My daughter wh is now 4 years old has a nut allergy, but has yet to have an allergy test or any confirmation. I have been referrred countless of times through my gp and via emergency hospital visits but still no tests.
We have been treating her by avoiding all nuts and nut traces as it seems like she is very allergic (she once licked a dairy milk bar and had a very sever reaction). The problem is now that she is starting school in Sept and I ahve started to notice that she is having reactions to other foods and I am getting concerned that if we don't know 100% what she is allergic to that she may have a reaction at school.
Is there anything I can do to get a reliable allergy test that will tell us exaclty what she is allergic to and would we be prescribed with any emergency medicines (such as an epipen?) I am also 18 weeks pregnant and am very concerned about if I should be eating nuts or not? I ahave been told to both eat them and avoid them so I don't know what I should be doing.
Dear Dr Andrew
My daughter (18mths) had been skin prick tested at St Thomas' and has confirmed allergies to peanut, tree nuts (several but unconfirmed which ones), sesame, egg white and raw eggs (although she tolerate cooked egg as an igredient) along with eczema and wheezy breathing. There is very little family history of severe food allergies and neither myself, my husband nor our 3 year old have shown any allergic reactions. We have been told that she will have to use an epipen when she strrts nursery.
I have three questions:
1) What are the chances that she will outgrow any of these? She hasn't had a rection since 10mths.
2) I am currently pregnant with my third child. I am confused as to whether to avoid peanuts although I am as we have none in the house. Also, what can I do to avoid the new baby developing allergies? I breast fed my daughter and didn't introduce solids until 6 months but in hindsight my own consumption of peanut butter was causing her baby ezcema.
3) My daughters (Sainsburys own brand) nappy rash cream contained peanut oil and I used it on her at a few weeks with very sore nappy rash. Could this have sensitised her?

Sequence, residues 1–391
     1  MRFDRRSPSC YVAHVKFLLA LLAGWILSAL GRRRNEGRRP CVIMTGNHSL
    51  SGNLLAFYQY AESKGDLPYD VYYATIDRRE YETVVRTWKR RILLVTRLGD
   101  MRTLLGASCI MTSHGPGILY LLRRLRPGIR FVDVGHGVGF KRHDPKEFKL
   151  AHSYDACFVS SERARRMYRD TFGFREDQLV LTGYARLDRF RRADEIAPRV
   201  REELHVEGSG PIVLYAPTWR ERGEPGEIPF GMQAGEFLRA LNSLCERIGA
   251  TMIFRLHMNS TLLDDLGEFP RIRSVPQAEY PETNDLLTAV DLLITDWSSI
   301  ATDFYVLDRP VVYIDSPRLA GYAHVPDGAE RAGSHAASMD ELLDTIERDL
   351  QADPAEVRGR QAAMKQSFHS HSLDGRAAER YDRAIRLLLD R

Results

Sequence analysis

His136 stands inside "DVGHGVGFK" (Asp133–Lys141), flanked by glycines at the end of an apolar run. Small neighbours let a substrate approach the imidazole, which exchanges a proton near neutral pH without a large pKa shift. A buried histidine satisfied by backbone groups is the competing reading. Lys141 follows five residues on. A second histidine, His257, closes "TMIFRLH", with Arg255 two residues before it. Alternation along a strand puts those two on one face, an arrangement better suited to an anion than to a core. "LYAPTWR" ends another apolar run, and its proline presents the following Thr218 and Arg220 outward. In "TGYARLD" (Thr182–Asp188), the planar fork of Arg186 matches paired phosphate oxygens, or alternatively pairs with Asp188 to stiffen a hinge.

What do you think is the cause behind the number of allergies that we are seeing in the modern generation? Do you think that the elimination of so many things for pregnant women is actually contributing to the problem? I appreciate that there are a number of factors to be considered but would be very interested in your view point
My son had positive RAST test to sesame seeds and a year later to hazlenut, although skin prick tests show negative.
AT this time he was tested for all nuts which were negative beside hazlenuts, since then when he has tried anything with nut in it - brazil nuts, almond (generally in chocolate) he has a reaction which consists of itchy, hot throat, and he vomits if not given antihistamine.
Should we avoid all nuts just in case? Although he has had negative RAST test results for nuts is this because he had never eaten any of them before the tests?
I know it has probably been asked and answered but I would really like to know the answers to the following from his perspective/research -
1)Should you wait until 6 months OF BF/FF to introduce solids to a baby and why?
2)If you early wean before 6 months then what are the risks of allergies?
3) Is there any link between reflux in babies and allergies?
There is no history of food allergies on either my or my husbands side, although my husband suffers from hay fever. I often wonder why my son has multiple food intolerances and possible allergies to many things including wheat, egg, nuts, diary, oats.
I have 2 questions:
Is there more incidences of food allergies in rural or urban areas?
Is there any link between antibiotics being given to new borns and the subsequent development of food allergies and intolerances in babies/very young children.
I think the questions I have have been asked already and I would just like to say loving your work - it is so exciting ! DS1 is allergic to peanuts and almonds and I am beyond excitement that at some point in his life he will probably be de-sensitised......I just hope it is before he enters drinking /takeaway food stage of teenager-dom which is where my worry is concentrated!
I said to him recently that there is a trial going on that may 'cure' him of his allergy and his response was " I don't want to be cured. I like my allergy. If there is something I don't want to eat, I just blame it on my allergy!". Its like he has read the Daily Mail.
Hello Dr Clark
I have a daughter of five who has a severe peanut allergy. Her pre-school skin prick developed a weal of over 10cm which took several days to disappear. I am enormously excited about the desensitization program and hope it makes it to Truro before she starts secondary school.
Have you researched alternative medicine wrt allergies? What is your opinion on kinesiology as a "cure" for allergies? I have a friend whose four year old son used to get terrible hives when he came into contact with the cold (hands/face in winter, whole body if he got wet and then cold) and she claims this was cured by a kinesiologist and she is badgering me to make an appointment.